Flows in Salesforce, also known as Visual Workflows, are powerful tools that allow for the automation of various business processes without the use of custom code. The cloud flow designer allows you to build flows that execute logic, interact with Salesforce, call Apex classes and collect data from a user in screen elements. The Winter 18 Salesforce release brings even more functionality into Flows.
Here’s what you need to know about a few features available in this release and how to use them to create the very best flow automations in a low-code environment.
What’s New in the Winter 18 Release
The Winter 18 release is chock-full of amazing new features, and you can view the full list here. The features specific to Flows that I am the most excited about are the ability to use Lightning components in Visual Workflow Screens, embedding Flows in Lightning Communities and the ability to use Quick Actions to launch Flows.
Feature #1: Using Lightning Components in Flows
Using Lightning Components in Visual Workflow screens is the first - and one of the most exciting - features in this release. The ability to add Lightning Components in Flows means that a screen can contain a lot more than just inputs, choices and outputs. Plus, it’s extended to include Lightning component actions right in the flow, which previously could have only been achieved in all custom apps.
A few great examples of candidates for this new feature within a flow include:
- A progress tracker
- An alert message that appears when action is needed on a record
- Record selector
- Embedding a video
- Displaying data
How It Works
Embedding the component in the Flow couldn’t be easier. Once you have a developed Lightning component, you can have it up and running in a flow in no time at all.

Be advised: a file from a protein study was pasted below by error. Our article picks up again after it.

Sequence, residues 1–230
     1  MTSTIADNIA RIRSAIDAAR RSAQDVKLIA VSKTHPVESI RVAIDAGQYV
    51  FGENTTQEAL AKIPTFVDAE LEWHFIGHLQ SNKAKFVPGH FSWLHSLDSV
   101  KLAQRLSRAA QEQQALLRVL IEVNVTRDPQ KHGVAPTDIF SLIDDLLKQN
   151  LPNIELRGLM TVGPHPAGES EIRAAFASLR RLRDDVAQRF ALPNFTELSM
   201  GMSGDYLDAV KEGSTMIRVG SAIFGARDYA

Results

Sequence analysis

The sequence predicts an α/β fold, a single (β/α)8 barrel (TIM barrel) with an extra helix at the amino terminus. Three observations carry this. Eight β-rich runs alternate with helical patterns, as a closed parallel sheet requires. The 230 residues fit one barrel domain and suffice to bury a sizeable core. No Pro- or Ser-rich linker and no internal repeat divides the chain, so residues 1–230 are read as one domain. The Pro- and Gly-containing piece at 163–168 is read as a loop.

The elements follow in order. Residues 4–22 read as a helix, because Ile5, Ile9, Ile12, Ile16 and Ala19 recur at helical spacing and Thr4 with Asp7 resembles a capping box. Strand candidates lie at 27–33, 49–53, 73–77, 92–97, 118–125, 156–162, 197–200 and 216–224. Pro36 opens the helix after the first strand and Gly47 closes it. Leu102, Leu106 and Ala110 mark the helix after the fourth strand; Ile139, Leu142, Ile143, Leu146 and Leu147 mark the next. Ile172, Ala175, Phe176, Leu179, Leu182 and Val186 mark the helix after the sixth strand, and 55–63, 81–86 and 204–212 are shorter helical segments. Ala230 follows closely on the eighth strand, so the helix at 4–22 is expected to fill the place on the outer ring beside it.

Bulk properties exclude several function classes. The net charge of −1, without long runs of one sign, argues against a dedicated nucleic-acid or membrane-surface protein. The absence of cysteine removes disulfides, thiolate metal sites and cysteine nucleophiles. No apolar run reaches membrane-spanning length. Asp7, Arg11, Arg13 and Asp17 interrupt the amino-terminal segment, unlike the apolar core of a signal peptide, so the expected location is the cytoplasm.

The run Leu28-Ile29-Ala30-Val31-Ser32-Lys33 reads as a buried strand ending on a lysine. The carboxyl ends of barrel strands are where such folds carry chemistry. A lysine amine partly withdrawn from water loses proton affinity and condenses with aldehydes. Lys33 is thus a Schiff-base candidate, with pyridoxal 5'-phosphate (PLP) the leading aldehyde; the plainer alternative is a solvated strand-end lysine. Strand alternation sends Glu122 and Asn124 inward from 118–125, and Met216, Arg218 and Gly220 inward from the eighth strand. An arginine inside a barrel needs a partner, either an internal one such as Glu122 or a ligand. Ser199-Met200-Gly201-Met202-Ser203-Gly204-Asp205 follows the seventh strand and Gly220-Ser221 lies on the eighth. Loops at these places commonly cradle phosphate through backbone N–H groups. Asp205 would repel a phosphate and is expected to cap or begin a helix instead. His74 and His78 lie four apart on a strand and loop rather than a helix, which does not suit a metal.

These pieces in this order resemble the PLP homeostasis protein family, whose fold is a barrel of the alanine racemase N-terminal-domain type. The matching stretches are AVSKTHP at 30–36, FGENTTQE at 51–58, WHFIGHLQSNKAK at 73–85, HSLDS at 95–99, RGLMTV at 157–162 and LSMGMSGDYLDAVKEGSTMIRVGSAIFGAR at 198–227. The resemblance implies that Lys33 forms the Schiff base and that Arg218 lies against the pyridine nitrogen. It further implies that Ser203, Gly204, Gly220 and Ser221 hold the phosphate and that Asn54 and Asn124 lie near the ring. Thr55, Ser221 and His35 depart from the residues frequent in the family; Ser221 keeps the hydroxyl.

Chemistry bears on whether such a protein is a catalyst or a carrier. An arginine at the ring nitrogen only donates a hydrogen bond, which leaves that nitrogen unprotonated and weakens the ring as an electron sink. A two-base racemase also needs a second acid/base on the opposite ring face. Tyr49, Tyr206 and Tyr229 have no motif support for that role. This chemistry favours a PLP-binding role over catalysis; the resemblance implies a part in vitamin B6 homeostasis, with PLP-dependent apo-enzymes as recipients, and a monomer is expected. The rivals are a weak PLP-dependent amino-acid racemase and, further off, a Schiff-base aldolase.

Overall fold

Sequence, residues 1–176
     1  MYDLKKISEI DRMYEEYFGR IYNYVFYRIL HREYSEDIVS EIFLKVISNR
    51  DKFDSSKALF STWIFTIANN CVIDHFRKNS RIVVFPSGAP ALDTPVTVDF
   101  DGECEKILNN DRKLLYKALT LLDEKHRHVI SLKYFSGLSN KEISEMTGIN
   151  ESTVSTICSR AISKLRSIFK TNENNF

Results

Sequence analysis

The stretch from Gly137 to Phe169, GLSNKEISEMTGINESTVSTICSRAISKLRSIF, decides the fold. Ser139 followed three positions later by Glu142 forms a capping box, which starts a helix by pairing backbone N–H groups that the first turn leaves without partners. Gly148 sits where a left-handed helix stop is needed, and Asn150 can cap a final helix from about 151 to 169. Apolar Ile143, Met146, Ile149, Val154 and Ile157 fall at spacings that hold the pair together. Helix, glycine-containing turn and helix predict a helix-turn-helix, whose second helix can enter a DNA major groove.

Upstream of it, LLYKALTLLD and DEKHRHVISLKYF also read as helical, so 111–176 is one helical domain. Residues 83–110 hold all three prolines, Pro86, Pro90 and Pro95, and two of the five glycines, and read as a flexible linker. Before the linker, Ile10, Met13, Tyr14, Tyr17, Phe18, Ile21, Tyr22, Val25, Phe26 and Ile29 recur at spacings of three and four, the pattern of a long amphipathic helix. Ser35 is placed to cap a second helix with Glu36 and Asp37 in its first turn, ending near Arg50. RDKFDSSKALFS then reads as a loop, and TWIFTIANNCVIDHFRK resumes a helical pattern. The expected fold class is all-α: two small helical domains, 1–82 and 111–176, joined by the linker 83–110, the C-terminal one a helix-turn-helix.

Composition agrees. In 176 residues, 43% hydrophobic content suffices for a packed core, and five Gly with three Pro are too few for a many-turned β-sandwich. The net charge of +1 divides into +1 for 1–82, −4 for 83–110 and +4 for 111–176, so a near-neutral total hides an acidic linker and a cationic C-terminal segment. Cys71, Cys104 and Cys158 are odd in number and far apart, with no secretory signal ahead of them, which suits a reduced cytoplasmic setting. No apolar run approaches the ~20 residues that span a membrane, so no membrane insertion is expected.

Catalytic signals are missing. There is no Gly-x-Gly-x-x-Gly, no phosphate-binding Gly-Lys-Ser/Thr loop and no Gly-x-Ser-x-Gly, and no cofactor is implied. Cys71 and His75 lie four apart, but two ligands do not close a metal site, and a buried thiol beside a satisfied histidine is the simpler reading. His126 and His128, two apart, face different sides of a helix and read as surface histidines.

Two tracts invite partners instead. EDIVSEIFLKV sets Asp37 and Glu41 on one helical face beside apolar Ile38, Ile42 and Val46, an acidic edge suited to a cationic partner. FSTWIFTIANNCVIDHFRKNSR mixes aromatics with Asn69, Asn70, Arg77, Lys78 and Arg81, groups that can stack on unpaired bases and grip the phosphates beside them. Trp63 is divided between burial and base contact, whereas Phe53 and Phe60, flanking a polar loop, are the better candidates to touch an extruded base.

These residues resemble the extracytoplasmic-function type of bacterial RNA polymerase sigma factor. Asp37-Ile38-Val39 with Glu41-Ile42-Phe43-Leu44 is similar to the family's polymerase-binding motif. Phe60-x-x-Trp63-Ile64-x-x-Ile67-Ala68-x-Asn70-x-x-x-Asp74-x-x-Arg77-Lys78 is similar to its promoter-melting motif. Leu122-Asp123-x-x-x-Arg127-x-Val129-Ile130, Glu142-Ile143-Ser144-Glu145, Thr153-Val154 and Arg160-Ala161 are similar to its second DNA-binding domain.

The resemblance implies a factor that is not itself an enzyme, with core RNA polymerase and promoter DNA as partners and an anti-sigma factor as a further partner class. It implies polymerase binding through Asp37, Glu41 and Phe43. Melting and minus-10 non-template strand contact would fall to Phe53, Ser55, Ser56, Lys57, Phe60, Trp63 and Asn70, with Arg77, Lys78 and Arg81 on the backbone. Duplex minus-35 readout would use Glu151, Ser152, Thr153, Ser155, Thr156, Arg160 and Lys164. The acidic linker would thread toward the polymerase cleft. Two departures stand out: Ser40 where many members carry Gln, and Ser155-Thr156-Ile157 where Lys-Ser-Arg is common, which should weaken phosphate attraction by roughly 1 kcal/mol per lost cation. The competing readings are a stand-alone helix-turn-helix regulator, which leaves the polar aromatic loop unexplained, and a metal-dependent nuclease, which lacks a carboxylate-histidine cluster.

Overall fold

1. Open the Flow screen you wish to add the Lightning component to.
2. Drag the Lightning component field over into the screen.
3. Configure the Lightning Component Field Settings.
- Name the component in the flow.
- Select the Lightning component you want to use.
- Define the Input and Outputs to set the component’s attributes with values from your flow.
4. Save the screen.
5. Save the Flow.
After completing these steps, you’ll now be able to see and interact with the Lightning component in your flow. Below is an example of a record selection flow that allows users to narrow down their list of orders by Status, Keyword/Order Number and Order Date, as well as select the order they’d like to interact with in the list.
You can see how much better this user experience is compared to the past when it comes to displaying choices on a screen, which would have involved putting them in a drop-down and only being able to show one field as the label for that record. This is just one example of how a Lightning component can improve the flow experience.
Feature #2: Embedding Flows in Lightning Communities
The next exciting feature is the ability to embed flows in Lightning Communities. This means that a flow for your customers/partners (aka Community users) could be embedded in your Community and also used by agents internally. An example would be a flow that could be completed by a customer but also may need to be completed on behalf of a customer by a service agent. Think of the simplification if you could create one flow to do both, and add it to a record page in Salesforce and to a community.
(Beta) Feature #3: Using Actions to Launch Flows
Creating the Action to launch the flow is very simple.
- Just navigate to the Object you would like to create the Action on.
- Select Buttons, Links and Actions.
- Then select New Action.
- In Action Type, select “Flow (Beta)”, select the Flow you want to run from the action.
- Give it a label and name, and save the Action.
Once this Action is added to the Page Layouts, you can click the Action on the record screen, and it will run the flow within the middle of the page. Also note that if your flow needs the ID of the record that it’s operating on, make sure to create a Text input variable called recordId, and Salesforce will send the record ID to the flow on that recordId variable.
When using mobile, the experience is much the same. The Action shows up in the bottom of the record page.
As you can see with these three Winter 18 flow features alone, the potential uses for flows increase exponentially. So get out there and process automate!